Given the multitude of people on social media confused by the instigation of this year’s British Summer time, we ought be thankful that William Willett’s original proposal to move the clocks forward by 80 minutes, in 20-minute weekly steps on Sundays in April and by the reverse procedure in September, was altered to the deceptively simple alternative of an hour forward in March, then reversed in October.
Mark, a reader of Time’s Flow Stemmed, kindly reminded me that Maurice Denton Welch was born on 29 March 2015. To mark Denton’s centenary I drank two gin and limes, a drink, with gin and French, that he frequently mentions in his Journals.
Like Max Sebald, Denton’s written texts comprise a seamless body of work in which he repeatedly returns to the same themes, experimenting with different forms. The Journals are a delight, patchy as any journals, but with moments of such radiance. Mark suggests that Denton’s short stories bridge the apparent leap in expressive quality between his first two novels and A Voice Through a Cloud.
While I await delivery of a couple of collections of Denton Welch’s short stories, I’ll read an unusual book I came across in a second-hand bookshop in Cecil Court. The Passionate Intellect by Barbara Reynolds is a full-length study of novelist Dorothy L. Sayers’s fourteen year obsession with reading and translating Dante’s Divine Comedy. I’ve never Dorothy Sayers’s Lord Peter Wimsey detective novels, but share her fascination with Divine Comedy.
Reynolds bases much of the book on the remarkable correspondence that Sayers exchanged with Charles Williams, at the time a much esteemed poet, essayist and critic. Sayers became absorbed with Divine Comedy after reading Williams’s The Figure of Beatrice, which I ought also to read sometime soon. Dorothy Sayers starting reading Divine Comedy in August 1944, a period Denton Welch writes of brilliantly in his Journals, when almost ten thousand buzz bombs or V-1s were fired at south-east England. Sayers writes of the hold that Divine Comedy took on her imagination:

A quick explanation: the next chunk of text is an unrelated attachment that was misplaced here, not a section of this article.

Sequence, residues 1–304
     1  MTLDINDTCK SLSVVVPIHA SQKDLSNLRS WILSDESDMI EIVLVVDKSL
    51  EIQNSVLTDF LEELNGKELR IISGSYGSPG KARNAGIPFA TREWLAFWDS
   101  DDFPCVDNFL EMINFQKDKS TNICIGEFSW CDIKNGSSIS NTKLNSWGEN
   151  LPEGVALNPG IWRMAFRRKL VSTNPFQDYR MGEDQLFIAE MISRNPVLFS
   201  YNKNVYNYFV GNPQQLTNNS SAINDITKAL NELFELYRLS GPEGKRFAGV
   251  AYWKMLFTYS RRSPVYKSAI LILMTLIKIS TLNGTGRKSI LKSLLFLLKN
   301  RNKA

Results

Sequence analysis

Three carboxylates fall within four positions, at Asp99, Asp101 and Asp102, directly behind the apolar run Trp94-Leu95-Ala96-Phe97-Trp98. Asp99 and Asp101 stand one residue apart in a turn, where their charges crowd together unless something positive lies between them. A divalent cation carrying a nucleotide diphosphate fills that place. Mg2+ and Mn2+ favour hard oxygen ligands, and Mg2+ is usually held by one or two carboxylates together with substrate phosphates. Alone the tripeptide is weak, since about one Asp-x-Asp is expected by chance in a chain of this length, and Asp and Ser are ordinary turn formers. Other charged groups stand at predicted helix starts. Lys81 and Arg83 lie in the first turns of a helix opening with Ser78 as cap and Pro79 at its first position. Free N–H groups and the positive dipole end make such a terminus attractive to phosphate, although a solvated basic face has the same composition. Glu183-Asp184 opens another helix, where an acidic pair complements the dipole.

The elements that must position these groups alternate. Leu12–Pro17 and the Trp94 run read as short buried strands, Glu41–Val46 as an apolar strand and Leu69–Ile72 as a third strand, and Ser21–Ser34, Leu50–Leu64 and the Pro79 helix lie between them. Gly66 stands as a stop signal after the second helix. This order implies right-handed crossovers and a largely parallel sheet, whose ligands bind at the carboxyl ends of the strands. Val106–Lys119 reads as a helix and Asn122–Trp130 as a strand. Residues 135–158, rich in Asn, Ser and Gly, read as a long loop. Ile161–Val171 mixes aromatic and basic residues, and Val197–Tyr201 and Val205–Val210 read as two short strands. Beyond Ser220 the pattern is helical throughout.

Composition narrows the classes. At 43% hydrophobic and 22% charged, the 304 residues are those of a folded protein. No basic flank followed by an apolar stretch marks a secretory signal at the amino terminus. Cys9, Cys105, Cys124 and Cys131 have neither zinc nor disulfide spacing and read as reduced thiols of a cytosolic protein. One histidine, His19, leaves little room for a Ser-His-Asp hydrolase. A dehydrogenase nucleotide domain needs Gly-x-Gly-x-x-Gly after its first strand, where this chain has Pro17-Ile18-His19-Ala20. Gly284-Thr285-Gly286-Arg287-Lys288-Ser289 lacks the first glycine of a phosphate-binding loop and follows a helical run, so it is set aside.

The plain fact is that I bolted my meals, neglected my sleep, work and correspondence, drove my friends crazy, and paid only a distracted attention to the doodle-bugs, which happened to be investing the neighbourhood at the time, until I had panted my way through the Three Realms of the dead from top to bottom and from bottom to top.
I’ve never read any of Dorothy L. Sayers’s Lord Peter Wimsey novels. Should I? How about Jill Paton Walsh’s continuation of the series: ghastly or noteworthy?
Couldn’t comment on those authors, but I notice that secondhand bookshops have become a pursuit since the age ago that I visited London. I think I used to associate Cecil Court with high-end rarities. I’ve tended to wander across to Skoob after getting off the train at Euston. Clearly need to plan and explore next time. Thanks for the incidental info!
Cecil Court is reasonably high end but far from exclusively, and right around the corner in Charing Cross Road are a few very browsable second hand shops.
A book about a fourteen-year obsession with translation is a book I should probably read. Sounds wonderful. I grew up surrounded by Dorothy Sayers novels, but have never read one.